6. Their Skin Is Extremely Sensitive
Just like their digestive system is developing, newborn skin is also changing to better fit their new environment.
In your womb, your baby’s soft skin was always hydrated, out of the womb the harsh dry air will require it to toughen, thicken, and adapt.
Throughout this process, though, you will need to take care not to aggravate it.
What You Need To Know
The main thing you need to know, in order to keep your little one happy, is that babies hate the cold and that a diaper rash are extremely painful.
You might know those, but I’ll be honest, I didn’t take them as seriously as I should have because things were chaotic as it is.
Once I realized that some of the chaos stemmed from my baby being extra cranky because of these two, I quickly changed my priorities!
Keep your baby (and their skin) comfortable and things will be a lot calmer and you happier.
Here are some ways you could take care of your baby’s sensitive skin.
1. Mind the Layers.
Newborns are SUPER sensitive to temperatures, so no matter the season, rule of thumb is to dress your baby in an extra layer to what you feel comfortable wearing.
This is especially important for bedtime!
I like to always keep my baby in a onesie (short vs long sleeve depending on temperature) and then layer up with a shirt and some shorts or a romper/dress for a warm day or with a sweater, tights, and pants (add coat if necessary) for cooler days.
2. Keep Them Dry!
Did you know that you lose heat faster when you’re wet?
For a baby that likes to be warm, that can make bathtime a disaster in the making.
Keep baths short and quick for that reason.
Prepare everything before, use a warm towel over your baby’s tummy throughout, make sure the water is warm (using a water temperature sensor toy can be a HUGE lifesaver!), and dry them immediately after!
Avoiding Diaper Rash?
1. Also, Keep Dry.
Apart from causing us to lose heat, moisture also promotes fungal growth.
That’s a serious no-no for a happy and healthy baby.
So, make sure that your baby’s bottom is completely dry before you put anything on it!
Some ways you could do that are lightly blowing at the area or dabbing it with a dry washcloth.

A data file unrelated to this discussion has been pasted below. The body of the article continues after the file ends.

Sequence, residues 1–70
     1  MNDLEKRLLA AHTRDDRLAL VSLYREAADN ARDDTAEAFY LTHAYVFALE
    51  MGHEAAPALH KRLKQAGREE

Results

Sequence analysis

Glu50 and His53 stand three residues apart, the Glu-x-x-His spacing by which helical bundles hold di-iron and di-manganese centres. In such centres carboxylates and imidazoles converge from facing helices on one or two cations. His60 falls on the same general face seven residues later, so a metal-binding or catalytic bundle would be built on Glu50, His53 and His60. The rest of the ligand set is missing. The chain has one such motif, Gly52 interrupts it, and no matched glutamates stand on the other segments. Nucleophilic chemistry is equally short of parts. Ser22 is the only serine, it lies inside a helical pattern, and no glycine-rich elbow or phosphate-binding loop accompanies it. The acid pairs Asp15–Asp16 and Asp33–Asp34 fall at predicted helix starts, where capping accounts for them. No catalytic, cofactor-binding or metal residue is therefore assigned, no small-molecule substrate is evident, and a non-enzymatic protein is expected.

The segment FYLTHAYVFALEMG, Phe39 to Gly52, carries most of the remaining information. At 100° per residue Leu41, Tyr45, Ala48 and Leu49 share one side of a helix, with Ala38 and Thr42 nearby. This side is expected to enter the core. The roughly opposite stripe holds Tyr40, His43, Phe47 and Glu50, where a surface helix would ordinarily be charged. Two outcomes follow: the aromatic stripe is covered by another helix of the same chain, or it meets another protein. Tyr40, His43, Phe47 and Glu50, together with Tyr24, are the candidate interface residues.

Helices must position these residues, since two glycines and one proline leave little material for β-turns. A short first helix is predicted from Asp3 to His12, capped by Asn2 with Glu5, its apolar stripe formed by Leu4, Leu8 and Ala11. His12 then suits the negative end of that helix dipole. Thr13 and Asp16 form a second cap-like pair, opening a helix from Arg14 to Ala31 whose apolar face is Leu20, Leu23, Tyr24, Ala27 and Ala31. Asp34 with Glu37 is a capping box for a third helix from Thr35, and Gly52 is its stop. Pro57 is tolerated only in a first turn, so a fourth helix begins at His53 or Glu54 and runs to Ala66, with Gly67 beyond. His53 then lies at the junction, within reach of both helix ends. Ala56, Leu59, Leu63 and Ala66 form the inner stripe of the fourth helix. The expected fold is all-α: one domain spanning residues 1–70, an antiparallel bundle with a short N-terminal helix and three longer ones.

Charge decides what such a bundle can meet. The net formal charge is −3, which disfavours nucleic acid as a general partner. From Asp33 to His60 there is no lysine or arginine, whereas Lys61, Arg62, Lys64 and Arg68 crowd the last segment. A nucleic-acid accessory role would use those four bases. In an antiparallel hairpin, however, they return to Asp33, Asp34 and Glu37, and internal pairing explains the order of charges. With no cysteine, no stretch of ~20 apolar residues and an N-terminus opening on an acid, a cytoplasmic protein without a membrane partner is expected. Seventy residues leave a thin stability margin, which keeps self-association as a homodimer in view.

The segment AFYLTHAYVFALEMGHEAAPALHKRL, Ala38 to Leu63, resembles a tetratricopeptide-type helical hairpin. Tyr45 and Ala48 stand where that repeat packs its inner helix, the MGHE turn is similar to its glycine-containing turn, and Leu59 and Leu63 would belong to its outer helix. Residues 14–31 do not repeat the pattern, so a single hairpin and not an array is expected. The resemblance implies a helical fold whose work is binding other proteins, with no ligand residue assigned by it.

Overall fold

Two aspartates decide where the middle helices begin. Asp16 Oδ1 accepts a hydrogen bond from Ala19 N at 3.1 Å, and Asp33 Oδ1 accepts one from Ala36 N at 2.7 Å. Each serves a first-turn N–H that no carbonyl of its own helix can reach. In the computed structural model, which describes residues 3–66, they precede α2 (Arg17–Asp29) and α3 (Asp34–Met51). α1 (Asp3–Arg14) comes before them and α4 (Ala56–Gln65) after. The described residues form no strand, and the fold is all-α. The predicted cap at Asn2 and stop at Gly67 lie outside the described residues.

2. Lather on the Butt Paste!
My pediatrician would compare it to frosting on a cake, that’s how much butt paste you need to be using.
And I mean every time!
BEFORE there is any inflammation or rash!
Urine and stool combine to form a harsh acidic compound that is very corrosive to sensitive newborn bottoms.
You want to make sure that you put diaper rash cream on your baby’s changed, dry bottom after almost every diaper change, especially through the night and during those first few weeks.
Anytime you expect not to be able to change your newborn’s diaper immediately after they poop, you should lather on some diaper paste because in those early weeks their skin is especially prone to infection.
Our little guy had the worst butt rash when he was just a couple of weeks old and the only thing that helped to clear it up was the Desitin Maximum Strength (literally the only thing.. and I tried a few butt pastes!).
Avoiding Dry Skin?
1. Limit Baths.
The best way to avoid drying your baby’s skin out is by limiting the number of times they take a bath.
You don’t have to give your little one a bath every night.￼
Newborns might poo and barf (nothing that a wet wipe/cloth can’t clean up), but they aren’t nearly as dirty as adults so they don’t need to wash all that often.
Stick to just 2 to 3 times a week, and that is plenty.
2. Wash It Out.
Technically, you aren’t supposed to use any soaps on your newborn.
Water baths are best.
Once they’re older, though, and you start bathing them with mild soap and shampoo, make sure to really wash off all the soap residue!
Soap residue left behind in baby skin can cause irritation and even allergic reactions.
If left behind on the scalp it could prevent hair growth and contribute to hair loss!
So wash it all out well!
3. Lotion When Wet.